Sunday was a big day in North Manchester and will no doubt be the largest of the German Baptist meeting. Order was quite good during the day and some of the special officers had nothing to do. One was so anxious to make a showing that he went to the deport and tackled some of the Columbia City boys who had indulged some, took them from the train and had them fined $11.50. Columbia City Post

The Sunday crowd was good natured and the best of order was maintained. The day was pleasant, the exercises novel, the crowd simply immense and the sentiment of the excursionists is that they had an "awfully nice time." Scouting for something to eat made them forget the flight of time. It is conservatively estimated that 4,000,000 bags of peanuts were eaten Sunday and enough lemonade drank to float the United States navy. ---Huntington News-Democrat.

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Interview with Eldon Wright, lawyer.

January, 1985

From the files of the Historical Society.

Alan White - Has the Wright family been in this community from the beginning?

Wright - Yes, I was born in this town and I'll probably die here. I was the only one that has been a lawyer. I'm the third professional generation. My grandfather was a Church of the Brethren minister. He was up here at what was then called the Walnut Street Church.

AW - What was his name?

Wright - Albert. He had a twin brother, name of John. And they both had little beards, so long. My grandfather was well, just to show you in those days he got $600 a year for being the minister at both the Walnut Street Church and out there at the West Manchester. He had to maintain a horse and buggy and had to entertain all the visiting preachers and all that.

AW - Over what period of time was he minister of this?

Wright - Well, he died about 70 some so I can't tell you how long he had been a minister or in this church here in this routine between here and West Manchester.

AW - Were they in the habit of sharing pastoral duties among various members of the church like they do at the German Baptist Church sometimes? Or did they maintain fixed ministers?

Wright - I think he was a regular minister and he got paid the $600 compared to about $30,000 of our ministers now. So he got too little and now I think they get too much. That's my opinion. In fact, he couldn't make it on that; he had to clerk in stores. This Gressos Store that was there where Maynards is now (East of Chicago) he clerked in that one and in its predecessors Helm and Snarp.. and about the time he died he went over to Oppenheims and was a clerk over there.

AW - What did his twin brother do?

Wright - He was a minister too, but he wasn't a minister here at this church. I think maybe he had one of the outlying churches. It seemed to me that he had one maybe around Servia.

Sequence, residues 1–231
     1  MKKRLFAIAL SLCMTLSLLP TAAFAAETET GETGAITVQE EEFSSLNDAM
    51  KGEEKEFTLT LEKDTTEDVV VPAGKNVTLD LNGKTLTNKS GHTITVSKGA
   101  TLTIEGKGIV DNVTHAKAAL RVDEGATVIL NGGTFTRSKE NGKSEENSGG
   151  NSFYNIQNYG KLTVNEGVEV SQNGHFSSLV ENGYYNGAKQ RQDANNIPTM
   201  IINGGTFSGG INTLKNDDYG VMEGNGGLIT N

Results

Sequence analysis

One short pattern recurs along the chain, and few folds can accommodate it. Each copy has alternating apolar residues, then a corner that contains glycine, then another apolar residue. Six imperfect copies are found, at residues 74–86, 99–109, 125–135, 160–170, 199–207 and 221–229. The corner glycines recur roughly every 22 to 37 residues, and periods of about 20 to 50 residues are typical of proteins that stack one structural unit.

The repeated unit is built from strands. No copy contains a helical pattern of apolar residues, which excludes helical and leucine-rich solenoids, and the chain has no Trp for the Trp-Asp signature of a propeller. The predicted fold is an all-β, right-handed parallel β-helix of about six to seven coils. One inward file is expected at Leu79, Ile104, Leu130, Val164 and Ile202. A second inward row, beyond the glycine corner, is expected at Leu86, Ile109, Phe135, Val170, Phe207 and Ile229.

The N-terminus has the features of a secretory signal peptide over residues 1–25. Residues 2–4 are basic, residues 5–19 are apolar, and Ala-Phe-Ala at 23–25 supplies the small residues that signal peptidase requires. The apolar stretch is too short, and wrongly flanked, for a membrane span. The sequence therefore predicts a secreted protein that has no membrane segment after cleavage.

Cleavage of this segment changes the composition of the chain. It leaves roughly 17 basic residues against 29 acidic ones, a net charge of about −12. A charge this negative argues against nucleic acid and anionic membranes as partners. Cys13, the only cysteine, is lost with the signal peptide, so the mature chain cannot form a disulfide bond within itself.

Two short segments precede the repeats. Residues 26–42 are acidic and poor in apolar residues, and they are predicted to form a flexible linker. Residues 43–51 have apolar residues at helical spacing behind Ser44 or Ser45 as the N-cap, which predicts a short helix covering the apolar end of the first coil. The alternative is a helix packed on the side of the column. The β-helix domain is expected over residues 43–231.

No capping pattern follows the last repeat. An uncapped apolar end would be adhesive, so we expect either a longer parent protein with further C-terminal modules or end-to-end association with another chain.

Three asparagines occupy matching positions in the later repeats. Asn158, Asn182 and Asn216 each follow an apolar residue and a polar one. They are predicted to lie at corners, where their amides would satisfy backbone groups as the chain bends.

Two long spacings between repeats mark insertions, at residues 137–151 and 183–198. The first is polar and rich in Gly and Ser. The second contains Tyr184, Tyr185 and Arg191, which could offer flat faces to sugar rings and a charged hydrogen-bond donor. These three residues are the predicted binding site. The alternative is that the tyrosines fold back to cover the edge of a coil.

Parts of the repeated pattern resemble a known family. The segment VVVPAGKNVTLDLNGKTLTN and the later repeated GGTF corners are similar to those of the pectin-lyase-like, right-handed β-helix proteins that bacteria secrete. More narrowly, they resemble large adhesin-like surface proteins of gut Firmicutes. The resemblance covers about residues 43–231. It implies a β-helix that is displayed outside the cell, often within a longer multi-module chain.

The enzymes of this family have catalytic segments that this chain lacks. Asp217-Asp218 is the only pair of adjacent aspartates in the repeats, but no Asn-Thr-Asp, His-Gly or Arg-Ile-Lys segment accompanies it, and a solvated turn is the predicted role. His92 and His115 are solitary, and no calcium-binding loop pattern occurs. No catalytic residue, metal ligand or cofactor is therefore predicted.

Wright - The Wright family sprang from a place southeast of

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  Servia. There was a big house back on the hill, long since gone now. There was a large family of brothers and sisters.. 8 or 10 maybe. They scattered to all corners of the country.

AW - Was your grandfather one of that family in Servia?

Wright - Yes. He was one of those that came from out there. Several of them went out west. One went to Arizona and one to California, as I recall.

AW - So your father was also a resident of this area?

Wright - Oh Yes. He was the only child of my grandfather, Albert Wright, and he married a Baker, so we're related to some of these Bakers living around here now. My father was a school teacher first. Taught in some of the little schools around here in these one-room schoolhouses. And somewhere along the line he decided he wanted to become a dentist. So he abandoned the profession of teaching and went to Indianapolis and took dentistry.

AW - Then he came back here?

Wright Yes, He came back here to practice. The plaque that I have down in the office says he practiced 47 years. Now I'm not sure that is right. I got the information from somebody but he was,,, it was right up about in that area.

AW - Did he have his office in the building that you occupy now?

Wright - No. He had his office first, when I was a kid, in what would be now it was at that time the Lawrence National Bank. That was located at the spot did you ever notice the plaque that says on this spot Thomas R. Marshall was born? Well, it was that place. The bank was located there and he was in the upstairs of that. He later moved across the hall and he was above Oppenheims. Always had upstairs offices. Downstairs office in those days were rather rare for practioners, medicine, and dentistry and so on. You about had to have an upstairs office. He practiced there until he died and that was 1952.